GENESIS 22:1-2 (NIV)
Some time later God tested Abraham. He said to him, “Abraham!” “Here I am,” he replied. Then God said, “Take your son, your only son, whom you love—Isaac—and go to the region of Moriah. Sacrifice him there as a burnt offering on a mountain I will show you.”
Pinnacle moments in salvation history, like this moment in Abraham’s life, remind us that the Holy Spirit is at work helping us to say “Yes” to the next act of obedience that will be required of us.
On any given day, our lives are progressing as normal. We are brushing our teeth, fixing our lunch, doing our work, paying our bills, navigating our relationships, making our decisions, answering our emails, and then, BOOM. A test appears in front of us.
And that test is not like a math test in 6th grade, hard as that is. The test we’re talking about is a circumstance that occurs that requires a difficult, weighed decision from us. Often, that moment of decision can feel ultimate, defining, pivotal, and, according to what we choose, disrupting to our best laid plans.
Abraham is going through life, tending his flocks, navigating marital challenges, experiencing the shock and joy of Isaac’s birth, making treaties, swearing oaths, and then, BOOM. A test appears in front of him.
He must make a decision as to whether or not he will obey the Lord’s request for him to sacrifice his son. Isaac is not only his beloved boy; for the purposes of this test, Isaac is also the seed of God’s promise to build a great nation through Abraham. This altar is one of supreme sacrifice, and Abraham has no way of knowing that there is a startling New Testament reason the Spirit is orchestrating this circumstance, recording this unique story of father-son sacrifice for all posterity, and welcoming Abraham to take a faith-leap that will be regarded by you and I as exemplary.
Did Abraham have any imagination for the idea that if he sacrificed his precious son, the only son shared between he and Sarah in their old age, that God would provide another child to them? Can we guess that Abraham, now sporting his new, “father of many nations” expanded moniker, would have been hosting a tremendous internal battle within, a deep and sleep-stealing spiritual confusion, as he quietly prepared to scale rocks and fields with his son that next morning? What did he say to Sarah at sunrise when she turned to him and asked, perhaps for the third time, “Where are you and Isaac going today?”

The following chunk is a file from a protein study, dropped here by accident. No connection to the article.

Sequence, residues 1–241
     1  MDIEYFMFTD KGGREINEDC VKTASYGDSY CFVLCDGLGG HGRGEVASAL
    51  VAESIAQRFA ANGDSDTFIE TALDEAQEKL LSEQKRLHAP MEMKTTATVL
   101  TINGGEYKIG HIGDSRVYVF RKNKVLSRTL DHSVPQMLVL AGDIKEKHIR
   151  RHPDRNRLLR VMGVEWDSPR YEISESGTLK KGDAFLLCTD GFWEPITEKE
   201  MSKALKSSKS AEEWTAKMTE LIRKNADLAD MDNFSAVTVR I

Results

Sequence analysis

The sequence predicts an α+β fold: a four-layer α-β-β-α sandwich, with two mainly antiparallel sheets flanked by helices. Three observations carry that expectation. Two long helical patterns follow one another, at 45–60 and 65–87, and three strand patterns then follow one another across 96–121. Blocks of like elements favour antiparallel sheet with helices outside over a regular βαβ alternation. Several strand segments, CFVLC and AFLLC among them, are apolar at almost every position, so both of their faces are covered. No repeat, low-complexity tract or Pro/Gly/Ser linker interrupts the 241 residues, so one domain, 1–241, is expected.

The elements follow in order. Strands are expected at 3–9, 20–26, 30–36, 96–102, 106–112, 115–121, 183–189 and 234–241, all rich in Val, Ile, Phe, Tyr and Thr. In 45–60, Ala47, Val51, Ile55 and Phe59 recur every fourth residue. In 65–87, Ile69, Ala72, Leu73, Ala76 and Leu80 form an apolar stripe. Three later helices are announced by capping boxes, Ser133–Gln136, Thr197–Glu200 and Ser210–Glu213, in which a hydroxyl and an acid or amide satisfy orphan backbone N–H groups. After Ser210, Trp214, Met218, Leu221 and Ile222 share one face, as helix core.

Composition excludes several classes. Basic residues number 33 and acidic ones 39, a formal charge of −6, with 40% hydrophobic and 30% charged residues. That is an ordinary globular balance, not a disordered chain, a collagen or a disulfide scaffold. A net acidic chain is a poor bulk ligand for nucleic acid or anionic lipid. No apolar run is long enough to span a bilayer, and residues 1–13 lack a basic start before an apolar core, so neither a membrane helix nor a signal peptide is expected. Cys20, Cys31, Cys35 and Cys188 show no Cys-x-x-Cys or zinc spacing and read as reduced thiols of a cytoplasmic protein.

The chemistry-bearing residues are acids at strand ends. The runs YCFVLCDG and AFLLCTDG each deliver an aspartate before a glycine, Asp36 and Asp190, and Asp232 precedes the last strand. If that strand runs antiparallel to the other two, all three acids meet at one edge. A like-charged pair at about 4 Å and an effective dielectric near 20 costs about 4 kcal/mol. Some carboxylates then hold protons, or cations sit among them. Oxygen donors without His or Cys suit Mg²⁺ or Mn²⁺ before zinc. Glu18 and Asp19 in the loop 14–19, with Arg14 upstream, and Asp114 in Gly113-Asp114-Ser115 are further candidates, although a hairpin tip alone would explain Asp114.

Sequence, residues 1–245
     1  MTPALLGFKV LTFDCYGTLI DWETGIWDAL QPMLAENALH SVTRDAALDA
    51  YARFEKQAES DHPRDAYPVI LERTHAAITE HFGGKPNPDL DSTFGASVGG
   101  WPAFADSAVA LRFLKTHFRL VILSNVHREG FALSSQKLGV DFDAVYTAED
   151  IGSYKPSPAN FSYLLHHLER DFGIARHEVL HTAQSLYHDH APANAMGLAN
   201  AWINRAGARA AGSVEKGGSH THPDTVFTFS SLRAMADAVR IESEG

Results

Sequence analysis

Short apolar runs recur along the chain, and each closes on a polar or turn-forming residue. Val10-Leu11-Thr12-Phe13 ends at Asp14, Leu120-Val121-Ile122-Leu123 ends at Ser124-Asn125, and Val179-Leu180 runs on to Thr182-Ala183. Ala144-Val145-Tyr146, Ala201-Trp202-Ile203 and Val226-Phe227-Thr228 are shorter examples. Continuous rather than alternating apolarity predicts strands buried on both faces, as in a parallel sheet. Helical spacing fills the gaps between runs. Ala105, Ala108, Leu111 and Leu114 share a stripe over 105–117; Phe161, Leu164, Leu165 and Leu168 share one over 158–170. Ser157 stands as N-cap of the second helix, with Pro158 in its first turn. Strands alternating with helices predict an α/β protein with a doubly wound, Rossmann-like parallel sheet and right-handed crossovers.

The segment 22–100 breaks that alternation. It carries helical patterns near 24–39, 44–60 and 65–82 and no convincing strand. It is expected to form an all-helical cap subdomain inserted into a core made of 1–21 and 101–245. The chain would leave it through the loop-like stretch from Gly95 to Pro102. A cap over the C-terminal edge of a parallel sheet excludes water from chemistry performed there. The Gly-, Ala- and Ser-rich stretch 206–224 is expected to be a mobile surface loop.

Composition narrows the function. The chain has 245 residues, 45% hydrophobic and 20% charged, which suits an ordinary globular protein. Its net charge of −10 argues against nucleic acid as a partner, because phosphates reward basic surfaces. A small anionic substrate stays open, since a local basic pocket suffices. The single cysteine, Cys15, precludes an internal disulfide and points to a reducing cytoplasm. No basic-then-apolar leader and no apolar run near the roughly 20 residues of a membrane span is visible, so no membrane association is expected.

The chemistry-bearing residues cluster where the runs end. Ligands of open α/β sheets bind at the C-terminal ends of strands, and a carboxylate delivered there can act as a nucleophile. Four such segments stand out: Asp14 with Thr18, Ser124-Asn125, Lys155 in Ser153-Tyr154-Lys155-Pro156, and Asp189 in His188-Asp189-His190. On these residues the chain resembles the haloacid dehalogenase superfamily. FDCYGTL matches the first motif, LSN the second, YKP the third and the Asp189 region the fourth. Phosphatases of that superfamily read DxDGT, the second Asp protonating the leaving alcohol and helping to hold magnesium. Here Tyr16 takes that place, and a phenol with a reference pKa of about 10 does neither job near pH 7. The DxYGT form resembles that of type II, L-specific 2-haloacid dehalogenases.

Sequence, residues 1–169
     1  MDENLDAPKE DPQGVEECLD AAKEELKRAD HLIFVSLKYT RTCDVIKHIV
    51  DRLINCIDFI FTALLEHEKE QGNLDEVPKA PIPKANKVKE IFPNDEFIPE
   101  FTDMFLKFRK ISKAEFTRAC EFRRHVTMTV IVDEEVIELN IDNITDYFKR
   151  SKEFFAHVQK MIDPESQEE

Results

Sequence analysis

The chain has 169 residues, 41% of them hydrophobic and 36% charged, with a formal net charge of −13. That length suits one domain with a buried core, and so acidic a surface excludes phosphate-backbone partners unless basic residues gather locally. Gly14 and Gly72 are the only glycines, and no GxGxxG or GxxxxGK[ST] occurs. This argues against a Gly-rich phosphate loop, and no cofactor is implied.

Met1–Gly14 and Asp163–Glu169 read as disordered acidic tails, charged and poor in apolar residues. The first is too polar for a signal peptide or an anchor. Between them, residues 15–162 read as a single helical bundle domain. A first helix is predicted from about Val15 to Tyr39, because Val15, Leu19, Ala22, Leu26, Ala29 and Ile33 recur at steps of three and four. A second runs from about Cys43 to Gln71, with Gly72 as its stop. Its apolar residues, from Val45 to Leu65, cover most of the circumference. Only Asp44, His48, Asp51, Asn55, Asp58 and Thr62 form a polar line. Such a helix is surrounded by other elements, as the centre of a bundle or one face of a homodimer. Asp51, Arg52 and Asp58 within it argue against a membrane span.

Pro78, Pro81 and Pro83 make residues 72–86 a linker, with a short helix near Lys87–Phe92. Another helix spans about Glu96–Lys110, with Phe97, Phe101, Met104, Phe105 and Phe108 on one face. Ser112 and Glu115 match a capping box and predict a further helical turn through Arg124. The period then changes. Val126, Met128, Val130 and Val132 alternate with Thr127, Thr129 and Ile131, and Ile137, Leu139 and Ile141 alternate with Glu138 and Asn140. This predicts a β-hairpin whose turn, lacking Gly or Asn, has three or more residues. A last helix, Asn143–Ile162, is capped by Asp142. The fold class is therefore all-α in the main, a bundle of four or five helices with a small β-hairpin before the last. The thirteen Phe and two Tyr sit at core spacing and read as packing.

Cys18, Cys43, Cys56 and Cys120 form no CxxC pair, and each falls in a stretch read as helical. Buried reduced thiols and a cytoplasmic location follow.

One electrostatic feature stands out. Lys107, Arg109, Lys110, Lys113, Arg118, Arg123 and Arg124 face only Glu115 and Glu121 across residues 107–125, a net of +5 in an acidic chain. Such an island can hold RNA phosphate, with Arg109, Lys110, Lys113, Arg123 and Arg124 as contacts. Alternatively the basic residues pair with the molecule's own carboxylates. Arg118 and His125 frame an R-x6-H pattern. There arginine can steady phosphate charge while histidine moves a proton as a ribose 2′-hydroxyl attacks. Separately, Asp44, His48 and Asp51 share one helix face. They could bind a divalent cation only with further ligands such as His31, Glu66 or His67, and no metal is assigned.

The Holy Spirit is at work in our lives, inviting us to acts of obedience that aren’t heralded with the sound of trumpets and angelic fanfare. Obedience means that God asks something of us—to care for the person in front of us, share a word of encouragement with a difficult person, pray for a neighbor for healing, or to give a sacrificial gift of money to someone in need—and we make a quiet choice to say yes.
And we must do what Abraham did. We must show up. And if we’re struggling, we must ask the Spirit to help us in our confusion and in our weakness (Rom. 8:24-26). Abraham’s words of “Here I am” when God first speaks to him are converted from the “here I am” of “present and accounted for” to the “here I am” to do your will (Ps. 40:6-8; Heb.10:9).
The Holy Spirit helps us say “Here I am” when God invites us to take a risk of faith.
Jesus, I receive Your Holy Spirit. I know you may invite me to do something with you today that takes me out of my comfort zone. Come, Holy Spirit, and give me the strength and trust in that moment, to say “Here I am” to do your will.
When is the last time you felt the Holy Spirit invited you to do something out of obedience, and you had little understanding of what the results might be? How did the situation turn out?
For the Awakening,